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Rivera-Rivera v. United States

United States Court of Appeals, First Circuit

June 29, 2016

JOSÉ A. RIVERA-RIVERA, Petitioner, Appellant,
v.
UNITED STATES OF AMERICA, Respondent, Appellee.

         APPEAL FROM THE UNITED STATES DISTRICT COURT FOR THE DISTRICT OF PUERTO RICO [Hon. José Antonio Fusté, U.S. District Judge]

          Lydia Lizarríbar-Masini on brief for appellant.

          Rosa Emilia Rodríguez-Vélez, United States Attorney, Nelson Pérez-Sosa, Assistant United States Attorney, Chief, Appellate Division, and Juan Carlos Reyes-Ramos, Assistant United States Attorney, on brief for appellee.

          Before Torruella, Lipez, Thompson, Circuit Judges.

          LIPEZ, Circuit Judge.

         Appellant José Rivera-Rivera was convicted in 2005 on three charges stemming from the armed robbery of a lottery ticket business at a mall in Caguas, Puerto Rico. On direct appeal, a divided panel of this court affirmed his conviction and sentence. See United States v. Rivera-Rivera, 555 F.3d 277 (1st Cir. 2009). Rivera subsequently petitioned for post-conviction relief under 28 U.S.C. § 2255, claiming ineffective assistance of counsel based on multiple instances of alleged inadequate representation. The district court concluded that none of the asserted flaws warranted relief. We granted a certificate of appealability on the one question linked to the issue that split the prior panel: "whether petitioner's trial attorney had provided ineffective assistance of counsel in failing to move for a judgment of acquittal on the Hobbs Act charge." After carefully considering Rivera's claim, we affirm.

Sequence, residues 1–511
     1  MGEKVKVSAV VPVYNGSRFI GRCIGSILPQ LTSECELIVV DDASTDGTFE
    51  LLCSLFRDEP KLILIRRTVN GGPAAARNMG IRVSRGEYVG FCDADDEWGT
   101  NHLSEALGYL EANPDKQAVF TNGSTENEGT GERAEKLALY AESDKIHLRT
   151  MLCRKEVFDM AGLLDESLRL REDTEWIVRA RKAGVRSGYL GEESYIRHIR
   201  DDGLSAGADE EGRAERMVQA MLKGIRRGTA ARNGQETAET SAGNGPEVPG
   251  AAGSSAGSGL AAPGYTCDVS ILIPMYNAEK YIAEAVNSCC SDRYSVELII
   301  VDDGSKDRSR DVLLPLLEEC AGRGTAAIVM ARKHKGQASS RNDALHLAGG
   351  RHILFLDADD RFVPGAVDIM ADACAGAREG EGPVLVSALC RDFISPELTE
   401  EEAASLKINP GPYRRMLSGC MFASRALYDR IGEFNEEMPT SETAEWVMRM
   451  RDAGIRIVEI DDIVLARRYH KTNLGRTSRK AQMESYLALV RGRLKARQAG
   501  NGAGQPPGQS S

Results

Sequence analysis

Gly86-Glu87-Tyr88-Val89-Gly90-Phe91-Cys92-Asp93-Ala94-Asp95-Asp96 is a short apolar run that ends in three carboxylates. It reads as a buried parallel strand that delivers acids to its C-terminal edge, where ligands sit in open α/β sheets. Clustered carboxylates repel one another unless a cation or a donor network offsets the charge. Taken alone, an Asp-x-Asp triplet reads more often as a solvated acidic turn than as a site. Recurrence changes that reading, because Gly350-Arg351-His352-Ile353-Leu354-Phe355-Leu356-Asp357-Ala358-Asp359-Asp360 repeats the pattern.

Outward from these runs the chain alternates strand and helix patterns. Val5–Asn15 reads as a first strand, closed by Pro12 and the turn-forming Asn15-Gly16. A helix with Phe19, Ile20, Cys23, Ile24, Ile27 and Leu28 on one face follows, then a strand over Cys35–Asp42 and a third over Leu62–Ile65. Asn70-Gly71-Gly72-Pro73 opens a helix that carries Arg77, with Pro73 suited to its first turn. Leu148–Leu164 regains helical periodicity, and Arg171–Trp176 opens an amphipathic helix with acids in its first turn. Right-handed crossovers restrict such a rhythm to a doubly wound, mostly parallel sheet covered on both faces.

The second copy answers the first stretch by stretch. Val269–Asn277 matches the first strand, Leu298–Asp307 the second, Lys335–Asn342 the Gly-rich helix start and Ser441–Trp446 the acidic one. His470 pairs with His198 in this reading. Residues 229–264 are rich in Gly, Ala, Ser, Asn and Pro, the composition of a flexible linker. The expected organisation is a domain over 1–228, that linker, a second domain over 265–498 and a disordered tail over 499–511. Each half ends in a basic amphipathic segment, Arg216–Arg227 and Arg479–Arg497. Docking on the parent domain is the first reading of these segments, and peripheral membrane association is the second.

I. Background

         Rivera and co-defendant Ramón Sánchez-Rosado were convicted for taking approximately $9000 and other items from a lottery ticket business at the Muñiz Gallery shopping mall after forcing the mall manager, at gunpoint, to open the business's safe. See Rivera-Rivera, 555 F.3d at 280-81. A jury found the defendants guilty on all three counts charged: (1) aiding and abetting an armed robbery affecting interstate commerce, in violation of the Hobbs Act, (2) using a firearm in connection with the robbery, and (3) being a felon in possession of a firearm. Id. at 281-82. Rivera was sentenced to 415 months' imprisonment.

         Among other issues raised in their direct appeal, the defendants claimed that the government had failed to offer sufficient evidence of the robbery's effect on interstate commerce, as required to support a Hobbs Act violation.[1] In rejecting this claim, the panel majority applied plain error review because the claim had not been raised below.[2] The majority noted, however, that "[e]ven if we were reviewing the appellants' sufficiency claim de novo, . . . we would be hard pressed to find the evidence regarding the interstate commerce nexus insufficient to support the verdict." Id. at 287. The dissenting judge found the evidence inadequate because "the record lacks proof of future interstate purchasing by [the] business on which the robbery could have had an impact." Id. at 295 (Lipez, J., dissenting).